September 25, 2012, Cisco announced that it has been selected by NBN Co to provide equipment for its national data connectivity network. Established by the Australian federal government, NBN Co will design, build and operate Australia's wholesale-only, high-speed broadband network, the National Broadband Network (NBN).Cisco-Celebrates-Ongoing-Role-in-Australian-National-Broadb.jpg

After a competitive tender, Cisco was awarded the contract to supply Multi-Protocol Layer Switching on Cisco routers and firewalls to support NBN Co's National Connectivity Network (NCN) in a deal estimated to be worth up to $38 million over five years. The Cisco intelligent network technology will be deployed in NBN Co's depot, aggregation nodes and other key locations and will support the Operations Support System (OSS) and Business Support System (BSS) platforms, signalling and timing.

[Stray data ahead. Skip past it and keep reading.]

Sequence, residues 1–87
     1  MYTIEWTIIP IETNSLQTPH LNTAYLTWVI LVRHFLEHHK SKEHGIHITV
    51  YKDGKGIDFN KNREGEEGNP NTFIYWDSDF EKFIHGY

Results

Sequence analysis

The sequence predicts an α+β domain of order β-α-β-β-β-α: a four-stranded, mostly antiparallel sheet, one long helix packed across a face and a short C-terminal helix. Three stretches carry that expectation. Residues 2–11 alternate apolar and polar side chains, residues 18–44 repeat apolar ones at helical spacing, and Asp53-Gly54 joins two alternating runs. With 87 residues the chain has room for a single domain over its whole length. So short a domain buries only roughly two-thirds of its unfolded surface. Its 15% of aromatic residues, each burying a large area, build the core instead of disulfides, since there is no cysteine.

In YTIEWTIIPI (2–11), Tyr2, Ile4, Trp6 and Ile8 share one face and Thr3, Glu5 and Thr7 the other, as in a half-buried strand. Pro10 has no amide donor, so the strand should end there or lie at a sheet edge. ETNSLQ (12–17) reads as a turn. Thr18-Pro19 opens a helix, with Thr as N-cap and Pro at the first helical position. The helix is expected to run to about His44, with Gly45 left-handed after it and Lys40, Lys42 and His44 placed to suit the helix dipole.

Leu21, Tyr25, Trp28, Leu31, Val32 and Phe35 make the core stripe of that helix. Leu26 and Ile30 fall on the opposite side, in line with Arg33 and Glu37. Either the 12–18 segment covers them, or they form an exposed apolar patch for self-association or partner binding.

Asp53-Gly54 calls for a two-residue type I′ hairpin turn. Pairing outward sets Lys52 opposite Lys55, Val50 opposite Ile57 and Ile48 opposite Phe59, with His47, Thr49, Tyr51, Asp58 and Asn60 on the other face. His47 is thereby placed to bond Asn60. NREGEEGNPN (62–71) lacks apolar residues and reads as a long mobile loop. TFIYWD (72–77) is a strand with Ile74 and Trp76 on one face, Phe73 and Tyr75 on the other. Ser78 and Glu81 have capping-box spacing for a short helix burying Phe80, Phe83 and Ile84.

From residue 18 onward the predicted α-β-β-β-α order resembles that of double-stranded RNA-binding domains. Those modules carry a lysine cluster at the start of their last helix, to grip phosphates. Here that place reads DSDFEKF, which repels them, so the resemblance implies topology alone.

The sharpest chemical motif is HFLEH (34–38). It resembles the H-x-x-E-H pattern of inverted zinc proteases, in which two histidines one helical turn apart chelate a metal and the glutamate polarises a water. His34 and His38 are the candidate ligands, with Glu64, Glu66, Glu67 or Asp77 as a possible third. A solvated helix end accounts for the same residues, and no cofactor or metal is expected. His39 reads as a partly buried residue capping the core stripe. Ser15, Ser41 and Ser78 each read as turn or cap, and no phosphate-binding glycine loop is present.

In particular, the NCN will play a key role in activating and assuring services as homes and businesses across Australia connect onto the NBN.  Cisco will commence work on the five-year project immediately.

NBN Co's executive general manager of Network Architecture and Technology, Tony Cross, said: "We are pleased to extend our relationship with Cisco as a supplier of data centre infrastructure to include the supply of a high-performing, highly secure network foundation composed of switches, routers and firewalls to support our NCN."

"This equipment will enable communication between NBN Co's centralised operational staff and IT systems with the fibre, fixed wireless and satellite equipment situated at various locations across Australia. The remote control of this equipment, via the NCN, will allow new services to be activated and faults to be diagnosed and repaired quickly and efficiently across Australia," said Cross.